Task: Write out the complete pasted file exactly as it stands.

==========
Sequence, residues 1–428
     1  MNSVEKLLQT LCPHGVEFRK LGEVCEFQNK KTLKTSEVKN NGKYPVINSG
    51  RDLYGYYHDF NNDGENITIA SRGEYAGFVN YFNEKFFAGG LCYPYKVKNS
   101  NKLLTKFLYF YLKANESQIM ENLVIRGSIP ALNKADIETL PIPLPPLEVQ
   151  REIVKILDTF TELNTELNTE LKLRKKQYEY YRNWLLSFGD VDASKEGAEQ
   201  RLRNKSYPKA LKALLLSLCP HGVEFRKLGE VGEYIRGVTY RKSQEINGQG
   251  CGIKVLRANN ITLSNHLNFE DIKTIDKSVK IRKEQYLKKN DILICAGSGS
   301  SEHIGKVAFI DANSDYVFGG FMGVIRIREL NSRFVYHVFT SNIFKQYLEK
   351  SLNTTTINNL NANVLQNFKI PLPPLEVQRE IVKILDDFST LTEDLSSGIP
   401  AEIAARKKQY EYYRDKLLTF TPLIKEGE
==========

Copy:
Sequence, residues 1–428
     1  MNSVEKLLQT LCPHGVEFRK LGEVCEFQNK KTLKTSEVKN NGKYPVINSG
    51  RDLYGYYHDF NNDGENITIA SRGEYAGFVN YFNEKFFAGG LCYPYKVKNS
   101  NKLLTKFLYF YLKANESQIM ENLVIRGSIP ALNKADIETL PIPLPPLEVQ
   151  REIVKILDTF TELNTELNTE LKLRKKQYEY YRNWLLSFGD VDASKEGAEQ
   201  RLRNKSYPKA LKALLLSLCP HGVEFRKLGE VGEYIRGVTY RKSQEINGQG
   251  CGIKVLRANN ITLSNHLNFE DIKTIDKSVK IRKEQYLKKN DILICAGSGS
   301  SEHIGKVAFI DANSDYVFGG FMGVIRIREL NSRFVYHVFT SNIFKQYLEK
   351  SLNTTTINNL NANVLQNFKI PLPPLEVQRE IVKILDDFST LTEDLSSGIP
   401  AEIAARKKQY EYYRDKLLTF TPLIKEGE